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Duncan Boak

Founder and Chair of Fifth Sense

In 2005, as the result of a severe head injury, I lost my sense of smell. Before then, like most people, I took this sense for granted and had little understanding of the contribution it made to my quality of life.  

Told that I would just have to live with it by my doctor, I spent over six years thinking I was one of a handful of people on the planet affected by this hidden condition, but without fully understanding or engaging with my loss.  In 2011 I read a book called Season to Taste about Molly Birnbaum’s experience of anosmia, which was a revelation. I was subsequently introduced to Carl Philpott who had established the UK’s first NHS smell and taste clinic and realised that there was a huge need for a charity in this area. 

My goal was to create the organisation that I wish had existed to support me with my loss; a charity to help and inform people affected by smell and taste disorders, transform society’s understanding of the importance of these senses and drive research into better understanding and treating these conditions.  I’m incredibly proud of the organisation we’ve created, our values and ethics and our fantastic team of staff, trustees, volunteers and advisors.   

I’ve worked in the Higher Education sector for many years and enjoy leading projects that bring together people and organisations with different skills/experiences and creating the conditions that enable them to achieve shared goals, something I’ve done a lot of at Fifth Sense.  

Before starting the charity, I was involved in music for many years as a guitarist and worked on an eclectic range of projects.  I’ve applied my creativity to Fifth Sense along with the experience I’ve gained from the music business of delivering projects with minimal resources.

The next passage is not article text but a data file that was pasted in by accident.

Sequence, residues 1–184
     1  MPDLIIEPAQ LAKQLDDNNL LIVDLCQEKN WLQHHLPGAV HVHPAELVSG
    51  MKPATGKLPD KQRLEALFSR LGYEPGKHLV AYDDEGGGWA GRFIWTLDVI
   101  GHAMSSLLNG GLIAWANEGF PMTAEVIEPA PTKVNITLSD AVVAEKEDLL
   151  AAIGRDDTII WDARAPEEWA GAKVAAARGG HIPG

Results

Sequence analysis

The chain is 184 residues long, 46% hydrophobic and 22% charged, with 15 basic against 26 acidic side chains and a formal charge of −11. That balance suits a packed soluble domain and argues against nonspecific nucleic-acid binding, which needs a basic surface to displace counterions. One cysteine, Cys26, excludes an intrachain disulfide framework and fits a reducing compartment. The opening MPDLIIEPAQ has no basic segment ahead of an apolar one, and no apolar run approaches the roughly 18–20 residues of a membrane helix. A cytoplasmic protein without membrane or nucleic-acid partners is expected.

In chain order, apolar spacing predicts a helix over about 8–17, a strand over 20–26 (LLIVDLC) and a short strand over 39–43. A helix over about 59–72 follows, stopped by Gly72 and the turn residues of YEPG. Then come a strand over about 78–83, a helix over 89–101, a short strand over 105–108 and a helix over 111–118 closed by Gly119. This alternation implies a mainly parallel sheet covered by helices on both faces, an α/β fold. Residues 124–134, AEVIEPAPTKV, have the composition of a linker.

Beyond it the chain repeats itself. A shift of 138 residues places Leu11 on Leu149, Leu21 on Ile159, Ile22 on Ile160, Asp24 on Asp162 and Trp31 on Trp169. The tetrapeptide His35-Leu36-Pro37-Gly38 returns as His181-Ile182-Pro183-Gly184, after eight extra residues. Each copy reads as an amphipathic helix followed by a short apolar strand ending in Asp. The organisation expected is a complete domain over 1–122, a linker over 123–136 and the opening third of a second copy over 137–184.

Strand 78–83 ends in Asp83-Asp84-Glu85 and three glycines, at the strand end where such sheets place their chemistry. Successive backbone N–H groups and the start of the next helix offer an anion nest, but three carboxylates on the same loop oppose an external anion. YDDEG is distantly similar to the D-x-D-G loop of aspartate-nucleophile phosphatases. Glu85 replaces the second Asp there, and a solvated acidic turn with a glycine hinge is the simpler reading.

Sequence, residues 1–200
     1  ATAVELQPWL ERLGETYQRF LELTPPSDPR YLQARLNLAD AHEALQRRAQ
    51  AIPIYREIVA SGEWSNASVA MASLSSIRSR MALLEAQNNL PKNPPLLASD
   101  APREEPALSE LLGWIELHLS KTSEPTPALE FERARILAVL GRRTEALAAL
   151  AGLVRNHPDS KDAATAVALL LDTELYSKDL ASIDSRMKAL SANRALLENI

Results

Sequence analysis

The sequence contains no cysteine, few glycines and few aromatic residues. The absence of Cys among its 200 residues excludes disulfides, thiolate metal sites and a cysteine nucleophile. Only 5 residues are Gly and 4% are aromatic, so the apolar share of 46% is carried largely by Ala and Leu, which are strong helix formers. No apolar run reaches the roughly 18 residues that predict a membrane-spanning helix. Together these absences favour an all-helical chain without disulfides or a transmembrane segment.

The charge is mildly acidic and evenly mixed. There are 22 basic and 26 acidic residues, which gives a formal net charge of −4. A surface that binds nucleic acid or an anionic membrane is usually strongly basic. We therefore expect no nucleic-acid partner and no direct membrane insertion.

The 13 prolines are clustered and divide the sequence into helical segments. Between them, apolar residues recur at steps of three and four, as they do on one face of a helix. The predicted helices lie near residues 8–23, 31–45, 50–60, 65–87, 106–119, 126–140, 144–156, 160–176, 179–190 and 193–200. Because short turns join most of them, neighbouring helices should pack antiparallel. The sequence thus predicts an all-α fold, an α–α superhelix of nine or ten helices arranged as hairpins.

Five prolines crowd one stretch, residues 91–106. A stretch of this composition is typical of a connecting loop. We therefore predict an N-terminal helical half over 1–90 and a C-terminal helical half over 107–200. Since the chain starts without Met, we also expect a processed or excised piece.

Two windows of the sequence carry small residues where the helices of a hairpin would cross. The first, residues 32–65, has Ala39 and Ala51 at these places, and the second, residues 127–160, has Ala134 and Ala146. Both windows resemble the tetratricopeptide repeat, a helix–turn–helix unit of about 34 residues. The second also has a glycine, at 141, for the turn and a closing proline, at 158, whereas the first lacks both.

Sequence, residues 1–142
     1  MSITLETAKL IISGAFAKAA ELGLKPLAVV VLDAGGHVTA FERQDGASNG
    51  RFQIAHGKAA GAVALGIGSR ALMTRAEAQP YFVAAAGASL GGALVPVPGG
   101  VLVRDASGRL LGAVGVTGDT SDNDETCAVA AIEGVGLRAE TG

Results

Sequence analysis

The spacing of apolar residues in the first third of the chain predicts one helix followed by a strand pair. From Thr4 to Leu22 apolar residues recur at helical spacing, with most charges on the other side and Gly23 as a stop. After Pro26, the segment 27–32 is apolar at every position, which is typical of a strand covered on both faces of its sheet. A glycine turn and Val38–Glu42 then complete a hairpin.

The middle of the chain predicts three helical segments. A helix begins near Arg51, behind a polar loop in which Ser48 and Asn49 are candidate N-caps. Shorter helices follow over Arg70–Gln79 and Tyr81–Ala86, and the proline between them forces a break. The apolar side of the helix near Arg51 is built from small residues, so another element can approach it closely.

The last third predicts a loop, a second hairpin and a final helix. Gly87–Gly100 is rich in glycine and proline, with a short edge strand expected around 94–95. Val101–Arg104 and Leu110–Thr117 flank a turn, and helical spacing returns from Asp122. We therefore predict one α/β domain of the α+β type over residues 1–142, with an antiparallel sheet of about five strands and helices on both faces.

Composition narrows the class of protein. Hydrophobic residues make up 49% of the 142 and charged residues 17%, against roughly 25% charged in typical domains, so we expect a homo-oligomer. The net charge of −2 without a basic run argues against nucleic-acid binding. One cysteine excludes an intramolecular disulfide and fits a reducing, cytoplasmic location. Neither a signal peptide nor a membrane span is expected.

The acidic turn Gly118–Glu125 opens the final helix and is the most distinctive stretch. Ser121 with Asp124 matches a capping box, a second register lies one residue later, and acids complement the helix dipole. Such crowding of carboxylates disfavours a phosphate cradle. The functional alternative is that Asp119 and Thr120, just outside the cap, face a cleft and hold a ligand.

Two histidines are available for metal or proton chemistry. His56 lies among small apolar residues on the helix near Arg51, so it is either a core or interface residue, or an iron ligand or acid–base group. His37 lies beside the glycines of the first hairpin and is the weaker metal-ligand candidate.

I still love to pick up the guitar when I get the opportunity and I enjoy getting out into the countryside, on foot or on my bike. I love food and cooking – I’m known for making a mean curry – and have a strong interest in how we can use our other senses to compensate for the lack of flavour that results from anosmia.  

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Nina Bleasdale

Director of Development & Operations at Fifth Sense

I first came across Fifth Sense after learning about the organisation on Twitter.  At the time, I have to admit, I knew very little about smell and taste disorders but it didn’t take long for me to recognise that my episodic smell hallucinations (cigarette smoke) and my brother, who has a learning disability and autism, being acutely sensitive to smells were formally recognised conditions.

From that first chance encounter on social media, I was delighted to join Fifth Sense in early 2020 and be part of a great team all working together to make a positive difference to people living with a smell and/or taste disorder.  l bring 15 years NHS operational experience with me, I’m a qualified teacher, have an MSc in Healthcare Leadership and am a graduate of the NHS Leadership Academy Nye Bevan programme, all of which I will use to champion the importance of the senses of smell and taste, collaborate with others, engage with vital research and develop support for people affected by smell and taste disorders.

I’m lucky to live in Morecambe Bay, where the lakes meet the sea, and am currently (slowly) walking my way through the 214 Wainwright fells.  We are also keen quizzers – but I’m resisting my children’s ambition to see me appear on Who Wants To Be A Millionaire.